GWEN IFILL: Some of the complaints that you alluded to before come from at least three states who feel very strongly that this is not a satisfactory arrangement.
What is left for people who believe this has not gone far enough? What is left for them? What is the option?
GEORGE PRIEST: Well, I don't think there's much left for them to be frank about it. I think ultimately these states are going to see that they don't really have a legal basis to proceed. And so they will have to join the agreement.
Basically, as Professor Gavil pointed out, they're going to engage in discovery with regard to remedies. When they talk about litigating they're not going to retry the case. None of the claims they lost are going to be relitigated. It's simply a question of what the appropriate remedies are.
Since the remedies in this settlement agreement track so closely what the court of appeals ruled to be illegal, I don't see how they can go any farther with that litigation or with that hearing than what has been achieved in the settlement agreement.
In fact, I think they would get less by proceeding simply under a strict reading of the Court of Appeals' opinion than what this settlement agreement provides.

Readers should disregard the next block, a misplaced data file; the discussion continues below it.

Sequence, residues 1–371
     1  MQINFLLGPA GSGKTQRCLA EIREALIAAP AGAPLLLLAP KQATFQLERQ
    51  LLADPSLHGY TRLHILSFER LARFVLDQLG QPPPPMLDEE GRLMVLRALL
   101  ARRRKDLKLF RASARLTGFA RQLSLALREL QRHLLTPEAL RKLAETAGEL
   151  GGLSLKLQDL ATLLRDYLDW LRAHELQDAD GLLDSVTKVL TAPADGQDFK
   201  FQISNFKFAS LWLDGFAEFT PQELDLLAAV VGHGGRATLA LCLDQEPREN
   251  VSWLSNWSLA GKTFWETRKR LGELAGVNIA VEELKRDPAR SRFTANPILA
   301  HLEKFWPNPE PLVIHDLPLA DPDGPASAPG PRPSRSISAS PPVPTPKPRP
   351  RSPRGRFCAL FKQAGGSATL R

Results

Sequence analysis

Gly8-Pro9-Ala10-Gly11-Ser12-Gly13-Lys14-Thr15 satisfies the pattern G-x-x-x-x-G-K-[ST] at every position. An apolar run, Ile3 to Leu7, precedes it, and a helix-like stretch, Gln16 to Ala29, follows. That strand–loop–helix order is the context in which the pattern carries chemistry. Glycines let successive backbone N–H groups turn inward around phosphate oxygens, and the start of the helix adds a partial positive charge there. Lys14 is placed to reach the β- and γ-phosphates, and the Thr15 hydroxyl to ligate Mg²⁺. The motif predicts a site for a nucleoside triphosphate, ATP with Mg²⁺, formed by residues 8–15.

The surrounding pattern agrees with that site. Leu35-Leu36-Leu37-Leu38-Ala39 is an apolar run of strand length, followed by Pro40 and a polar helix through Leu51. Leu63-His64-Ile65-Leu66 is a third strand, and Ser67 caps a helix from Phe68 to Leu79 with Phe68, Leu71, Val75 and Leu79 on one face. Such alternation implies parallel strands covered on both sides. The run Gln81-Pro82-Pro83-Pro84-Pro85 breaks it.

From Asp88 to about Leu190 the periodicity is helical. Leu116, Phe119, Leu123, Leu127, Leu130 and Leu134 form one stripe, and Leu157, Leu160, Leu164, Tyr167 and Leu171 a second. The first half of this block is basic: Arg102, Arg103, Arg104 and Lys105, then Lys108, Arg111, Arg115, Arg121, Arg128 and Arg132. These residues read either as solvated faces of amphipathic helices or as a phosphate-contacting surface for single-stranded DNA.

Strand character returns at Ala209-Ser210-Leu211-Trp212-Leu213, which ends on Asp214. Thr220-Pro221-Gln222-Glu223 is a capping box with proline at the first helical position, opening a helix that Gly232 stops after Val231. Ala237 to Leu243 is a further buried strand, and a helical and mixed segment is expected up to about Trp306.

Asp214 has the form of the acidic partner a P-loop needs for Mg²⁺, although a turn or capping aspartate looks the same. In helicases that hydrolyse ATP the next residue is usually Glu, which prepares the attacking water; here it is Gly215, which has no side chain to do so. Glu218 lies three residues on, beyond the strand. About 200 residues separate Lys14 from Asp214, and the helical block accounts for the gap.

GWEN IFILL: Professor Gavil, the top antitrust lawyer at the Justice Department had indicated some time ago that he was interested in reaching a settlement. Do you think that because of that direction that this Justice Department was heading in that this kind of outcome was inevitable?
ANDREW GAVIL: In a sense it probably was inevitable. I think that the change of administration clearly affected the course of the case. It seems very unlikely that this kind of settlement would have been agreed to by the prior Justice Department, given how they viewed the case.
That's not to question the good faith however of the new administration. I think there really are differences of opinion and very strong differences of opinion about the scope of the antitrust laws and the scope of remedies and the degree to which government should be involved in regulating private conduct.
And I think what Microsoft has found in the new administration is common ground in viewing how extensive that degree of regulation should be. They didn't have that degree of common ground with the prior administration.
GWEN IFILL: And you say that they found loopholes as well? Did Microsoft outmaneuver the government on this?
ANDREW GAVIL: I wouldn't say that the government was outmaneuvered. I really think they knew exactly what they were entering into. And in part that's what makes it even a greater source of concern. It doesn't appear to be an agreement that... behind which there was a serious intention of seeing a change in competitive conditions.